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First-time buyers: How to get to know an area before deciding to buy

Even if your house purchase is a long way off, you can do your homework on where to buy within your budget while you save

With the age of first-time buyers on the rise, many of us in our late-20s and 30s with the distant goal of one day buying a house in Ireland are restless – arms folded, one foot tapping, while waiting for our “deposit fund” to reach the necessary amount.

It is little wonder then that in the meantime so many of us placate ourselves with little luxuries such as gel manicures and fancy coffee – the former of which, my partner’s colleague helpfully informs him, “is the reason he’ll never own a house”.

In a world where progress is valued above all, with some invisible ladder we should all be climbing, I asked myself, is there any research I could be doing in preparation for the day when I can hand over a lump of cash, shake the estate agent’s hand and say, “I’ll take it”?

But first things first. Before you commit, you have to choose the areas where you would be happy to live and where you can conceivably afford a home. Compromise is inevitable, and making a list of what is most important to you can help.


In an ideal world, perhaps you would rent in your target area before looking to buy there. But with high rental costs and recent research showing 68 per cent of people aged 25-29 are still living at home with their parents, that is not likely to be an option for most.

So then, how can you get to know an area before you buy? I asked some estate agents to offer their advice.


“It’s the biggest investment someone is going to make in their life, so it has to be right,” says Kate Mullery, agent at Mullery O’Gara. “Doing your research from the outset is imperative.”

There is no substitute for walking around an area to get a feel for it, she says, and the times you do so are important, too.

“Night time is the big one. Walking around an area at night, you can get to know if it feels safe.”

You should also visit on weekends, says Mullery, “when there’s plenty of people walking around with kids, dogs – you can see who actually lives there”.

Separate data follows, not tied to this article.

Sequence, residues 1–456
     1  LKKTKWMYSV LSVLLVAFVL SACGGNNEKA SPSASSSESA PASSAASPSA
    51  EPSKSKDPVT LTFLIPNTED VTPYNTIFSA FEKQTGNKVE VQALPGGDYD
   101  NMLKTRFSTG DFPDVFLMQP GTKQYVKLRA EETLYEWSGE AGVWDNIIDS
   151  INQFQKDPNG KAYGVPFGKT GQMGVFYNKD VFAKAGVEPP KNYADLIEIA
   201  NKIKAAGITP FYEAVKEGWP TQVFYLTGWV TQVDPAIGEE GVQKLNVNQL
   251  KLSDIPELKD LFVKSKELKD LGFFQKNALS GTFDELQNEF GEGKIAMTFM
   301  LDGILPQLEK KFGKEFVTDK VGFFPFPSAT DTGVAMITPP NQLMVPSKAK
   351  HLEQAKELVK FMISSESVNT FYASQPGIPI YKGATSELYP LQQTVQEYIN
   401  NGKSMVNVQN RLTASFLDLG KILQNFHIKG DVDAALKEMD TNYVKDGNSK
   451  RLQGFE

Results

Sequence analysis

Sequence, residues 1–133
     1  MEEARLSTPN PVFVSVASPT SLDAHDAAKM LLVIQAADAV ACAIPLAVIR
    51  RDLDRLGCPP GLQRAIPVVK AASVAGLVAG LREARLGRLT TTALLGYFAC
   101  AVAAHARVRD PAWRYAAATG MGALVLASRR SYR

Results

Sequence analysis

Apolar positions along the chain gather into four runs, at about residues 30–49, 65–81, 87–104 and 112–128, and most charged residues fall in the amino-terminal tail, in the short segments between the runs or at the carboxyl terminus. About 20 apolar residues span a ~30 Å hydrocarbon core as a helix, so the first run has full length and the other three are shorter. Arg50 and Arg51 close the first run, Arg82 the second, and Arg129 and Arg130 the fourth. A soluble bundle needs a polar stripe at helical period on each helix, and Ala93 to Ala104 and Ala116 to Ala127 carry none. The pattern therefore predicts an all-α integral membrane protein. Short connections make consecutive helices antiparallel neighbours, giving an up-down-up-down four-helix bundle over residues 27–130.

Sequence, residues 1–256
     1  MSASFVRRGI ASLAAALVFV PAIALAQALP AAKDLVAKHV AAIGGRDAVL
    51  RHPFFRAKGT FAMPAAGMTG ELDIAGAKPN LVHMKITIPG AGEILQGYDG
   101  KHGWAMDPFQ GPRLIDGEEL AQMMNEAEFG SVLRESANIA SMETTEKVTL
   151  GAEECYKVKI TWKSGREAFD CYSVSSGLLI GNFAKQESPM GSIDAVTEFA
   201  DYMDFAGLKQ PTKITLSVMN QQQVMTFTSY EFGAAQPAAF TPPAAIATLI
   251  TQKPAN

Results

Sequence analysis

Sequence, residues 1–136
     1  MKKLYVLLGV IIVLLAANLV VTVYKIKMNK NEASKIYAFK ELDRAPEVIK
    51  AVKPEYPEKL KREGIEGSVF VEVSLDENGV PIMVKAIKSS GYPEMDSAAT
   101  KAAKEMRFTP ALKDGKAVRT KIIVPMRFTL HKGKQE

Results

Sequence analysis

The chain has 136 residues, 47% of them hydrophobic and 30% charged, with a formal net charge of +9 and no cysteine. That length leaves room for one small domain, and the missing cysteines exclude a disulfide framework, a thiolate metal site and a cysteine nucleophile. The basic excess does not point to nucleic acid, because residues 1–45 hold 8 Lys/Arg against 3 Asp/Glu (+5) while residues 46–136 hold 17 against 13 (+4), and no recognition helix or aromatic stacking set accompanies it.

Local people are your biggest asset, she adds, so ask around your friends and colleagues to find someone you can speak to who has first-hand experience of living in the area. “Ireland is very small, through word of mouth, you’ll find someone.”

Failing that, try local shops and cafes. “Get talking to the people who work there, ask if they’re local. They’ll have the inside scoop on the area,” says Mullery

“One of the key pieces of advice I give people is find out who the next-door neighbours are,” says Owen Reilly of Owen Reilly Estate Agents. “There’s no point finding out afterwards that there’s an issue there because then it’s too late.”

You should also check out what kind of houses are in the area, says Mullery. “If there are houses that have been refurbished, it could tell you there is a younger demographic there looking to live in the area long-term, for example.”

She points out that you should always check the local authority website for the area where you wish to buy to check what developments are planned, “because in five or 10 years’ time, you don’t want to see that there’s a 10-storey apartment block being built behind you on a lovely green site.”

Brock de Lappe estate agency, which is based in Dublin 8, hand out maps highlighting the hotspots – for eating and drinking and going for walks etc – at viewings, says David Brock, and this is something prospective buyers can do for themselves on Google maps.


Although remote-working practices took hold during the Covid-19 pandemic, more and more workplaces seem to be shifting to a hybrid model, says Mullery, and so doing a midweek test drive of your morning and evening commute to and from your target area is important.

“Hybrid workers, I think, by the level of traffic [in Dublin city], seem to work between Tuesday and Thursday, so do the rush-hour commute first thing in the morning [on those days] to see what it’s like,” she says.

Also check out the Transport for Ireland website to check out the public-transport options in the area, and how long they take to get you to work, Mullery says.

“In Dublin, if you’re not on the Dart and you’re not on the Luas [lines], you’re relying on a car, buses or taxis. And the taxi situation in Dublin on the weekend is really bad,” says Reilly.

Reilly, Brock and Mullery all say the Luas is a big draw for prospective buyers in Dublin, and Mullery and Brock say the new Bus Connects scheme is also set to have an impact on commuters, so buyers should check if planned routes will be useful for them.

Cycle lanes are also important for prospective buyers, notes Brock, especially the one that travels along the Grand Canal.

In addition, Reilly points out that parking can be an issue, and you should research the parking situation before buying a home in a particular area, especially if you own a car or hope to in the future, or if you have friends and family driving to visit you on a regular basis.

Future planning

“Always think long term when you’re moving into a neighbourhood,” says Reilly. “You might plan to stay somewhere short term, but it could end up being a lot longer.”

“It’s important to look up schools and preschools if you have children or plan to down the line,” says Mullery. “Some schools may not be in the catchment area; you can call them and find out.”

School places have become such a concern for prospective buyers, says Brock, that many “work backwards” by choosing a school first before searching for a home nearby.

Taking these tips on board, there is no harm in settling on a few target areas while you patiently wait for the optimum time to finally buy your first home. So get exploring – start that online search with a steaming matcha latte cupped in your perfectly manicured hands.